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Review: FS2004 UK2000 Gatwick Xtreme – A Realistic Scenery for Flight Simulators

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Review: FS2004 UK2000 Gatwick Xtreme – A Realistic Scenery for Flight Simulators


Review: FS2004 UK2000 Gatwick Xtreme - A Realistic Scenery for Flight Simulators

If you are a fan of flight simulators and want to experience the most detailed scenery ever made for Gatwick Airport, you should check out FS2004 UK2000 Gatwick Xtreme. This scenery add-on is compatible with FS9, FSX and P3D (all versions) and offers a high level of realism and immersion.

Gatwick Airport is the second busiest airport in London and the eighth busiest in Europe. It has two main terminals (South and North), which are linked by a transit train, and two runways. The airport dates back to 1946 when it was a basic grass strip, but it has undergone many expansions and renovations over the years. The latest changes include the new Pier 1, the reworked Pier 5 and the new A380 stand on Pier 6.

FS2004 UK2000 Gatwick Xtreme captures all these features and more, using the latest UK2000 scenery methods and high-resolution images and models. The scenery includes full detail buildings, realistic ground markings, stunning night effects, 3D approach lights, airport vehicles, runway wigwags, signs, fencing, static aircraft and more. The scenery also has excellent frame rates and is compatible with Orbx FTX, photo scenery and Orbx ‘True Earth’.

The only downside of this scenery is that it is not compatible with Xplane 11, which is a popular flight simulator among many enthusiasts. The Xplane version of the scenery lacks custom animation, static aircraft and curved airport terrain. However, if you are using FS9, FSX or P3D, you will not be disappointed by this scenery.

FS2004 UK2000 Gatwick Xtreme is available for £16.99 from the UK2000 Scenery website[^1^]. You can also download a free demo version to try before you buy. If you are looking for a realistic and immersive scenery for Gatwick Airport, you should definitely give this add-on a try.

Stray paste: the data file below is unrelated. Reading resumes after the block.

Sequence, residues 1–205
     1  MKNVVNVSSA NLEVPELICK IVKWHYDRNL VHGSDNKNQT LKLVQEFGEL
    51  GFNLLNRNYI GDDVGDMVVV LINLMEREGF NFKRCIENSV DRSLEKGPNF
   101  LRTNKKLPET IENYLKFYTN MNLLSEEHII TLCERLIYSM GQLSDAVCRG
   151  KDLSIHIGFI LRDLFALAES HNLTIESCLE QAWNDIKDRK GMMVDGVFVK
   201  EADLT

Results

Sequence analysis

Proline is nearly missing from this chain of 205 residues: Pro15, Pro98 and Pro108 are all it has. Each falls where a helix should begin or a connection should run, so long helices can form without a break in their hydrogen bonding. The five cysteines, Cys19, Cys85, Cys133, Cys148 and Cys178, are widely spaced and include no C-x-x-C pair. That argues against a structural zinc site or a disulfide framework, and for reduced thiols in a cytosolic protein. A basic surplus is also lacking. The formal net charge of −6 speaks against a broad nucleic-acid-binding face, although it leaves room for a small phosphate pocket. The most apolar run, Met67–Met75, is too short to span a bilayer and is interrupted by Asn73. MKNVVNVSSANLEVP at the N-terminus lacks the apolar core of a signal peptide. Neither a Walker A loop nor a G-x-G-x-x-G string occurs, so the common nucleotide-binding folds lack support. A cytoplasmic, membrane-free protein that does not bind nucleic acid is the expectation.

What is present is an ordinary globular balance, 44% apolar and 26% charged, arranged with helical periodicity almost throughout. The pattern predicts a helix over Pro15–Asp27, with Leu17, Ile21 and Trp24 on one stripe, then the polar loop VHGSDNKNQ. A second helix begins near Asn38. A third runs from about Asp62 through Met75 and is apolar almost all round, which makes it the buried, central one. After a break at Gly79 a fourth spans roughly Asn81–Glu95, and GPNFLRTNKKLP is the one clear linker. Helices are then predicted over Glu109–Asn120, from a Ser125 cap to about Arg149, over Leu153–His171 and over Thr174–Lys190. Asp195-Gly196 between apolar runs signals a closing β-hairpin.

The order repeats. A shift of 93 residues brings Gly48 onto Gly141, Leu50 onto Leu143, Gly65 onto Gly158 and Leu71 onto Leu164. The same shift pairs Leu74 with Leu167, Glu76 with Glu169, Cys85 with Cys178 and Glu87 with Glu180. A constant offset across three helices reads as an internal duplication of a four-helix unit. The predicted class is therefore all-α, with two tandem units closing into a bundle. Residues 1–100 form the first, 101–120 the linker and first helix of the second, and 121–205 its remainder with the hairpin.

Gatwick Airport has a rich and fascinating history that spans over nine decades. The airport has witnessed many changes and challenges, from its humble beginnings as a private aerodrome to its current status as one of the busiest and most modern airports in the world.

The airport’s origins can be traced back to 1930, when the Surrey Aero Club, a small flyers club, used the site as an exclusive flying ground. However, it did not take long for Gatwick to attract commercial interest. In 1934, Gatwick was licensed as a public aerodrome, intended to provide regular air services to Paris and act as a relief aerodrome for London Croydon Airport. The following year, Gatwick Railway Station and the Beehive Terminal (the world’s first circular terminal building) were built. In 1936, Gatwick saw its first scheduled flights by Hillman’s Airways to Belfast and Paris. The airport was officially opened by Lord Swinton, the Secretary of State for Air.[^1^] [^2^]

During the Second World War, Gatwick was requisitioned by the Air Ministry and became a base for RAF night-fighters and an Army cooperation squadron. The airport was decommissioned in 1946 but continued operating as a civil airport for charter airlines and cargo flights. In 1950, Gatwick was designated as London’s second airport, mainly for the use of charter flights. In 1956, Gatwick was closed for a £7.8 million renovation, carried out by Alfred McAlpine. The new Gatwick was officially opened by the Queen in 1958. It was the world’s first airport with a direct railway link and had two main terminals (South and North), which are still in use today.[^1^] [^2^]

Since then, Gatwick has continued to grow and innovate, extending its runway several times to accommodate jet flights to the US and other long-haul destinations, opening new piers and facilities, launching the Gatwick Express service, signing a legally binding agreement not to build another runway for 40 years (which expired in 2019), hosting Pope John Paul II during his tour of the UK, becoming part of the borough of Crawley, introducing self-service check-in kiosks and biometric boarding gates, becoming the first carbon neutral London airport, and undergoing several ownership changes.[^1^] [^2^] [^3^]

Today, Gatwick is the second-busiest airport in the UK and the eighth-busiest in Europe by total passenger traffic. It serves over 45 million passengers per year and offers flights to 228 destinations in 74 countries by 56 airlines. It is also a major employer and economic contributor to the region, supporting over 85,000 jobs and generating £5.3 billion of GDP annually.[^4^] Gatwick is constantly striving to improve its services and sustainability, with plans to invest £1.1 billion over five years to enhance its infrastructure, technology and passenger experience.[^4^]

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